Advanced tooth decay can become visibly unappealing, leading to embarrassment and avoiding smiling. Lack of treatment adversely impacts social, psychological, and mental well-being.
Don’t take chances with your dental health – get examinations on schedule and treat cavities promptly. Intervening early while the cavity is small offers the best opportunity for stopping and reversing the decay process.
X-ray and diagnostic tools for detecting cavities
Your dentist has a variety of methods available to find cavities in their earliest stages, even before you may notice any symptoms:
- Visual inspection – The dentist thoroughly examines all tooth surfaces, looking for discoloration or tiny holes indicating decay. Fiber-optic lighting is used to illuminate the smallest defects.
- Dental explorer – This thin metal pick is gently moved across enamel to feel for any stickiness, softness or indentations signaling early demineralization.
- X-rays – Powerful x-ray films pass through the tooth, revealing cavities that are not yet visible on surface enamel as well as those between teeth.
- Laser fluorescence – A laser light shined on teeth causes emission of fluorescent signals that are analyzed for indications of early decay.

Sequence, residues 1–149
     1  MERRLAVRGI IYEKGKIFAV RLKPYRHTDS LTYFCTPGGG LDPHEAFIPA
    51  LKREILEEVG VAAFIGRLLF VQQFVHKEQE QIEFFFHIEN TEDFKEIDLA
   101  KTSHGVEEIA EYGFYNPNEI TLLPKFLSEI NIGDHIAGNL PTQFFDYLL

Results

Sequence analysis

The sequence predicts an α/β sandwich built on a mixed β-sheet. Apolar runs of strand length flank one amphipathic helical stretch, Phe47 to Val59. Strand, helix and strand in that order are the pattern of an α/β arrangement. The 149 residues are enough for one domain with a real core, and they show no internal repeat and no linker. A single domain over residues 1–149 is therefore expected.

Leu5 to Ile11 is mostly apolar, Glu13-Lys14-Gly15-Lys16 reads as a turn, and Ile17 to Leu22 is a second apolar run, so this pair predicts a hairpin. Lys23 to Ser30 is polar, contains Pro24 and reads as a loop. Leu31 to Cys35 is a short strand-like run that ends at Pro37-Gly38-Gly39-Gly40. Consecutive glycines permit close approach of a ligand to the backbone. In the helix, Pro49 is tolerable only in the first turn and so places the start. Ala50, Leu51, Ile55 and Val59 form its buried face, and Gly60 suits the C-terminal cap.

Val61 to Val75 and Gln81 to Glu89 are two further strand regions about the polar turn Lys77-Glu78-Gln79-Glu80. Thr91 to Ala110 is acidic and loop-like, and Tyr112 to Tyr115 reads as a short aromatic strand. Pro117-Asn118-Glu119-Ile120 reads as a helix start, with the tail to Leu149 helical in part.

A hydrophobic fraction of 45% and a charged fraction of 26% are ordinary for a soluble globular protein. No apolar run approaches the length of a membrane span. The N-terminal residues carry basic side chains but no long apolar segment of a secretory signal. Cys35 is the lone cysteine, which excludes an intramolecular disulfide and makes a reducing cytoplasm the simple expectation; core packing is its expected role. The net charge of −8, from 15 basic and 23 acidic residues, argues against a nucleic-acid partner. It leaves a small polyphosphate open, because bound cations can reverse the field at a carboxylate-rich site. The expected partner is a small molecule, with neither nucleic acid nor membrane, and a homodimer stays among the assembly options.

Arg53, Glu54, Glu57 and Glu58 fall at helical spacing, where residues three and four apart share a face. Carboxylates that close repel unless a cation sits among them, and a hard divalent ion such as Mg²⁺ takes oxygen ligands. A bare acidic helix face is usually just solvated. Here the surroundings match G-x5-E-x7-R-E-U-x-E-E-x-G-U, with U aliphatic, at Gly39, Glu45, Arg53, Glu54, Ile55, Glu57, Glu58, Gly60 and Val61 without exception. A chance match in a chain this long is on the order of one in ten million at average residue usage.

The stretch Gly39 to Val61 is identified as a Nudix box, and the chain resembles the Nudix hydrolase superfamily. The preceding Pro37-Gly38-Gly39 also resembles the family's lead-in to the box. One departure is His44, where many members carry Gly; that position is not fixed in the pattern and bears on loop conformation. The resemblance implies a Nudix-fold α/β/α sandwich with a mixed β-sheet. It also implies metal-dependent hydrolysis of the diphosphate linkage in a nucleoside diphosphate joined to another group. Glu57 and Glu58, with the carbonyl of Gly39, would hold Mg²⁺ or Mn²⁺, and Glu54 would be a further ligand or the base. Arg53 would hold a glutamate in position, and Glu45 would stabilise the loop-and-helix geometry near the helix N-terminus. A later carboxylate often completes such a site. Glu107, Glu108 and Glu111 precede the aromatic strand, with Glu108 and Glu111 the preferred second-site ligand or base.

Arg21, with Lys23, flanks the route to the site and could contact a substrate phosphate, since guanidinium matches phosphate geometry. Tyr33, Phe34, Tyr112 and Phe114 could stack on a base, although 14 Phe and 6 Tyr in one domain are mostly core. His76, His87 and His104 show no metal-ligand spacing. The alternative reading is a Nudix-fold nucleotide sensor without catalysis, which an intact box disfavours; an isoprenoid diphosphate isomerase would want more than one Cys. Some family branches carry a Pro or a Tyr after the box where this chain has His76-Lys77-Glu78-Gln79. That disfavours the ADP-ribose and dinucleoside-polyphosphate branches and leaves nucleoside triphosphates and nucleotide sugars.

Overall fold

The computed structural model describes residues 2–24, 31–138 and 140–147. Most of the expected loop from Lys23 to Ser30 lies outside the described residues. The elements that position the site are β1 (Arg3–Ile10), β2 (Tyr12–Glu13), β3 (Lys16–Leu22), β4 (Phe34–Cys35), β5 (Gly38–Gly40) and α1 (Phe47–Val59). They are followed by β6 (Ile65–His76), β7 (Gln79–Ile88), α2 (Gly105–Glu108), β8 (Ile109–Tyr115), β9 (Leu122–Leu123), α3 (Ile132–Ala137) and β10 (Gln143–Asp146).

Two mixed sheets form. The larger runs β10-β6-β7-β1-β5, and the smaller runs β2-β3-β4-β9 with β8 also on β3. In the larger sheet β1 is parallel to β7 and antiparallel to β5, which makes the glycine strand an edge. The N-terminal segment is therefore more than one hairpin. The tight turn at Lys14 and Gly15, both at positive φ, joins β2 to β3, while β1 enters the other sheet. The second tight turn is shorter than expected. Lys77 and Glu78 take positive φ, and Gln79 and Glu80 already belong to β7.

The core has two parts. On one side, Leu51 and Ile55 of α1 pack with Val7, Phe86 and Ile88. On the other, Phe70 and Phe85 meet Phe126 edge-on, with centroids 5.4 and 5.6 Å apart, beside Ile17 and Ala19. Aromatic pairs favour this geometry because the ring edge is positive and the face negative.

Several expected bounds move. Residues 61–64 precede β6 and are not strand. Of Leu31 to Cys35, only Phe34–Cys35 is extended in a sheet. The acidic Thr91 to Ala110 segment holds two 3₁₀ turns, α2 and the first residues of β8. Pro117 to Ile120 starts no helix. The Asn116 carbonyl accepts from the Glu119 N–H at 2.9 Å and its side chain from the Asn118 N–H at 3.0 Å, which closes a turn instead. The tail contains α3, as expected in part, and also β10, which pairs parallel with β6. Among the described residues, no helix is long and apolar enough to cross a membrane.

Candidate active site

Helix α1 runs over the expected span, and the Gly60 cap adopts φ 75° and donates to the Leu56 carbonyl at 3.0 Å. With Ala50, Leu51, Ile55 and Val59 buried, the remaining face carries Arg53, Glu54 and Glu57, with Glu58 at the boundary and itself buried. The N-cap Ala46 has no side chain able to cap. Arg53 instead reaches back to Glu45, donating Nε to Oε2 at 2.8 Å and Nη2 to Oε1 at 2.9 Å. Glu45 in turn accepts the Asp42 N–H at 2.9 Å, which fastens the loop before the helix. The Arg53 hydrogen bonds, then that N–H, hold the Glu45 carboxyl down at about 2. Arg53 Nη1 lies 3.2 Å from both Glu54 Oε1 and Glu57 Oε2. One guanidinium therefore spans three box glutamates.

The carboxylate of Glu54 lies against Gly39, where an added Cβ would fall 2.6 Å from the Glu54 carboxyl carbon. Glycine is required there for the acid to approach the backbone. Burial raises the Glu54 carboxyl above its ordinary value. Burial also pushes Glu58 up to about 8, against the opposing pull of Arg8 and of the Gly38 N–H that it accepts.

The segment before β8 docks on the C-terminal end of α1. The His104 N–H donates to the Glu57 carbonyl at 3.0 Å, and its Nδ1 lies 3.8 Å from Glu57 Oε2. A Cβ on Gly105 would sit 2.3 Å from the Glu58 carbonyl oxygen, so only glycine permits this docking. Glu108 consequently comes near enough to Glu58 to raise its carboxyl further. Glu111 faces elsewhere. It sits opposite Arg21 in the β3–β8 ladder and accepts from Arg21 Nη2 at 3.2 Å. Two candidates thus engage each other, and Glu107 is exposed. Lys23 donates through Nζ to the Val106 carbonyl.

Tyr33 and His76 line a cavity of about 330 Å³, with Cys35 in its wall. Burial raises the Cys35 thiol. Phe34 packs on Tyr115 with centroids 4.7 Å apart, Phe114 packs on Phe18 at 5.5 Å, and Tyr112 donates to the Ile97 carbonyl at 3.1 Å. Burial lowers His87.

- Fiber-optic transillumination – Strong light passed through a tooth shows decay near the surface by differences in light transmission and shadows.
- Electronic caries monitor – This technology uses electrical conductance readings to map demineralization under the enamel from caries.
These techniques allow the earliest stages of tooth decay to be caught, before a cavity fully forms. Your dentist can then take preventive action to remineralize weakened areas and stop further progression.
Treating small cavities
Detecting caries when the enamel surface has just been penetrated offers the best prognosis for a minimally invasive restoration. Here are common treatments used for small cavities:
- Fluoride therapy – Professionally applied high-dose fluoride varnish or gel helps remineralize porous decayed regions of enamel and dentin. For maximum effectiveness, treatment is repeated periodically.